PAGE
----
“I came back to Indonesia about two or three months later and my goal was to move out there, set up a film company and start making these films,” he says, acknowledging he spoke no Indonesian at the time.
The result was the 2009 movie Merantau, starring Uwais as a fresh-from-the-village kid up against a cartel of big-city criminals. It was enough of a hit that Evans began dreaming up something bigger, something that would be a mesh of two of his favorite films, the 1988 Bruce Willis vehicle Die Hard and John Carpenter’s 1976 classic Assault on Precinct 13, about a police station under attack . And so was born The Raid.
In fact, what would become the ambitious 150-minute The Raid 2 was the movie he wanted to do first. “It was one of these situations where we tried to get the funding for that first, failed, and after two years we couldn’t get anyone to pay for it to be made,” he remembers. “And I knew with that one, I couldn’t cut corners and I realized we’re just not going to make it this year, [so] let’s do a Plan B project. And that’s what Raid 1 was.”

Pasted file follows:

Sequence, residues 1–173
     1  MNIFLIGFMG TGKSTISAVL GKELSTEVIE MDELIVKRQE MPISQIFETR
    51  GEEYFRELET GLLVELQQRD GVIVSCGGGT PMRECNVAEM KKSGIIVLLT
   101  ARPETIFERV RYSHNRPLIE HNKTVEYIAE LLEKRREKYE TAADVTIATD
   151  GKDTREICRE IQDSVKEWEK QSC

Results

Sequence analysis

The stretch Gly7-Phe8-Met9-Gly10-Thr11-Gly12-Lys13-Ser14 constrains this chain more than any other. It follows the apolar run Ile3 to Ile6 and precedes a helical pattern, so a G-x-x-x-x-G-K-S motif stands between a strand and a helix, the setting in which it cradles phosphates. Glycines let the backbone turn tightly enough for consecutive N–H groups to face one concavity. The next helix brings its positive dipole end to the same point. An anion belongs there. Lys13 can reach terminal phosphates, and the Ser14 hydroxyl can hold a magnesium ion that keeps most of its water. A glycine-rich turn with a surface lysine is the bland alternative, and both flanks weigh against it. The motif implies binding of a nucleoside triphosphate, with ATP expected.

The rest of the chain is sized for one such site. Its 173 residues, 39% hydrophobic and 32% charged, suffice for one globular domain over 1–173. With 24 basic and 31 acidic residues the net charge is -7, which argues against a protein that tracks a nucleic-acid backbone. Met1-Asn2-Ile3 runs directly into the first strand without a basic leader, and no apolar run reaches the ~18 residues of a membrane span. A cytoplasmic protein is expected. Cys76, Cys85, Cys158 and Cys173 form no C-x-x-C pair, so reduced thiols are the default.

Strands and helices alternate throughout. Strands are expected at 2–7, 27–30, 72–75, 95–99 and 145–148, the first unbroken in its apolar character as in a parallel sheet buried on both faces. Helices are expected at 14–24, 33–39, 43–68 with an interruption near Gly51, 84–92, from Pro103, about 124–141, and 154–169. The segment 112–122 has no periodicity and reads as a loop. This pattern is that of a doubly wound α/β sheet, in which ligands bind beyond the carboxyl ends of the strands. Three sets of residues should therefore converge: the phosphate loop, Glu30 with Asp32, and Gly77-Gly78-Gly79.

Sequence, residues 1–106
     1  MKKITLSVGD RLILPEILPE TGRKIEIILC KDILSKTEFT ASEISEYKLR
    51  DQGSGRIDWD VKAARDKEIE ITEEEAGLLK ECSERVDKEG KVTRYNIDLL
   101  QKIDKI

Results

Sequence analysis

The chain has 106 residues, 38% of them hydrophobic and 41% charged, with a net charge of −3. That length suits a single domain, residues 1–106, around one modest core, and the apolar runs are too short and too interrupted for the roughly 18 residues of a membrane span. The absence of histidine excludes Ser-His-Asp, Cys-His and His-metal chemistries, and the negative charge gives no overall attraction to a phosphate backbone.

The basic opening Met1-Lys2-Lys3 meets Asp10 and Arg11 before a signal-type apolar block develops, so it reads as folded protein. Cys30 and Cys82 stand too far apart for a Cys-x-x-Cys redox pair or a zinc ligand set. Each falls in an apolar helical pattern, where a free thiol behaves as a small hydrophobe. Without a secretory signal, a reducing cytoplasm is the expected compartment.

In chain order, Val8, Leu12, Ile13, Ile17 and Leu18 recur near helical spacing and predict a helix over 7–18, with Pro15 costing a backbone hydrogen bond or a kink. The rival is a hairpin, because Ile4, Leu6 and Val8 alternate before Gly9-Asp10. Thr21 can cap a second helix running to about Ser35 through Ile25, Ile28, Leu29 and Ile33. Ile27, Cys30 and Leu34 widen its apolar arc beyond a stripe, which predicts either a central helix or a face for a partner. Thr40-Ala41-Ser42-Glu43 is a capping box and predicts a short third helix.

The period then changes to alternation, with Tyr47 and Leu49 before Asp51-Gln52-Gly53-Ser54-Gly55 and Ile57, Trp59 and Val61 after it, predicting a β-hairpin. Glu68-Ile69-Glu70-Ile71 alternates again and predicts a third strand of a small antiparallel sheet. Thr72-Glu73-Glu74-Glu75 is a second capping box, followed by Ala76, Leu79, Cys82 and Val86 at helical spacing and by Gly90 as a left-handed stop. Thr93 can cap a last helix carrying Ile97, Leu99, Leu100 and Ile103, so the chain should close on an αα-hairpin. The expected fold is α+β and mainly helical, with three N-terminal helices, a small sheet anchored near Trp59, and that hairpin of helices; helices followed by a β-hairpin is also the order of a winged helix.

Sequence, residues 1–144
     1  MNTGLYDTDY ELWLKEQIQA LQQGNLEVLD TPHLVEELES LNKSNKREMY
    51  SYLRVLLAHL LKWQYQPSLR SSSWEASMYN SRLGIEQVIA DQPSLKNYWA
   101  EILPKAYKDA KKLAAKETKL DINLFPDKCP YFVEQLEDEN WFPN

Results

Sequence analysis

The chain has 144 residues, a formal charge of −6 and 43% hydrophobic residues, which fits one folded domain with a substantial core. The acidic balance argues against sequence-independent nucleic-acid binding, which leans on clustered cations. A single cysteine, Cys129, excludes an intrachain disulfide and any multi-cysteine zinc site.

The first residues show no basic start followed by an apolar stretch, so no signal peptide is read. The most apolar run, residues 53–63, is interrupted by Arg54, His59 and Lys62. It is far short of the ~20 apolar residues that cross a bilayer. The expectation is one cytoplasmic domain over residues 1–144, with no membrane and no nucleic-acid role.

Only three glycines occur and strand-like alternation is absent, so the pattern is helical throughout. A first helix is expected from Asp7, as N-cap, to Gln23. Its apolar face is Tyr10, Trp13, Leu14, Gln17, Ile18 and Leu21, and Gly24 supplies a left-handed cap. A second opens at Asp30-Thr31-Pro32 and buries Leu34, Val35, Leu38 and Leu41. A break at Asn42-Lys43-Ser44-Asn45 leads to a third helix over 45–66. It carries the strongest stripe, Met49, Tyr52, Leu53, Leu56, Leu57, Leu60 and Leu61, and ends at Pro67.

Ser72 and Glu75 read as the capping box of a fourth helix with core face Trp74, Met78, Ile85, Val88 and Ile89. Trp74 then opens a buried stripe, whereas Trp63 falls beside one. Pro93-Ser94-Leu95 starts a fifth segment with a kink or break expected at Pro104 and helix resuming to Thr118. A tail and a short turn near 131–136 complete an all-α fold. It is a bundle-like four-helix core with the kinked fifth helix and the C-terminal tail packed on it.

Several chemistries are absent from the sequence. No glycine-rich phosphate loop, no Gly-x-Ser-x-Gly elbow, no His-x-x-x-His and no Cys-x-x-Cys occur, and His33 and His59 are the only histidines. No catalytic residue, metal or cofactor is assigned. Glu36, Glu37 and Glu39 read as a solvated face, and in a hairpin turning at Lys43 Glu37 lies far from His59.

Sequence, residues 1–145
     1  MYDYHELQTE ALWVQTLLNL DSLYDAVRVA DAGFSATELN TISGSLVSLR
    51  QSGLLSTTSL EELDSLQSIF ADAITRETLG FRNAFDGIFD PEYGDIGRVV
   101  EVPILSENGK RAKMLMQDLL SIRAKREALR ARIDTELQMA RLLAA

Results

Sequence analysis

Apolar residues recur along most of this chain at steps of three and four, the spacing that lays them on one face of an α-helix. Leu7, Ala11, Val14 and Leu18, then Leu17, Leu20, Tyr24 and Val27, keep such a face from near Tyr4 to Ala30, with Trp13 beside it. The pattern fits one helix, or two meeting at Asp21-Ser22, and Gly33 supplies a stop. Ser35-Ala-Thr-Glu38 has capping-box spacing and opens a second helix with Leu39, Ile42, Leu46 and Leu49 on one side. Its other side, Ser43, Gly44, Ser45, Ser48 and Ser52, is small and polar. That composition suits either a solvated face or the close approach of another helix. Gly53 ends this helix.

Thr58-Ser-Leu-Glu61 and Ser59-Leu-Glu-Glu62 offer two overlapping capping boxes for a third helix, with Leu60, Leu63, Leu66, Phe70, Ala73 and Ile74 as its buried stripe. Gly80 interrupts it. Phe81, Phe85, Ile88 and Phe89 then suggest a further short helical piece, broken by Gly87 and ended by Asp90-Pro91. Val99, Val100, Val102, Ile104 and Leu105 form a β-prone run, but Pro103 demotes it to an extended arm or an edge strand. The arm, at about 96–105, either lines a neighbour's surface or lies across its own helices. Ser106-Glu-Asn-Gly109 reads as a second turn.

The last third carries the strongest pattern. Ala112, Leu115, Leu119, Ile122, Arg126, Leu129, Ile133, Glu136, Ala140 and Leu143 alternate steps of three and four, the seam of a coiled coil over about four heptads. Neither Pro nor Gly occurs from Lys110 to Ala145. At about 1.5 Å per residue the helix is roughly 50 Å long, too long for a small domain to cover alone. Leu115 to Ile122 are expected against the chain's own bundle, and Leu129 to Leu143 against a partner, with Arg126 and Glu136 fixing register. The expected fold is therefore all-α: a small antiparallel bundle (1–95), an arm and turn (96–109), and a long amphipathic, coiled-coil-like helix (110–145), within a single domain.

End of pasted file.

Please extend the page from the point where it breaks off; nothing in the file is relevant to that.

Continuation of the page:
The more stripped-down The Raid: Redemption, as the first film was titled in the U.S., featured a simple premise: A SWAT-style police officer (Uwais) is cut off from backup and stranded in a high-rise controlled by mobsters and gangsters — and has to fight his way out.
Evans was shocked at how action fans embraced Redemption. “Me and my producer watched the print of it as soon as the film finished. We looked at each other and said, ‘Maybe we’ll get a couple of good reviews.’ That’s all we expected from it and it just blew up. … Now, with the sequel, we’ve lost that surprise element and we can’t shock people anymore,” he says, then laughs. “Well, we do shock them a little bit.”
After Redemption struck pay dirt, Evans had enough juice to make the more complicated movie he wanted to make in the first place. The Raid 2 would be set in the same universe as the first film, but with a broader cast of characters and more opportunities for visual razzle-dazzle than the interior tight spaces of the previous movie.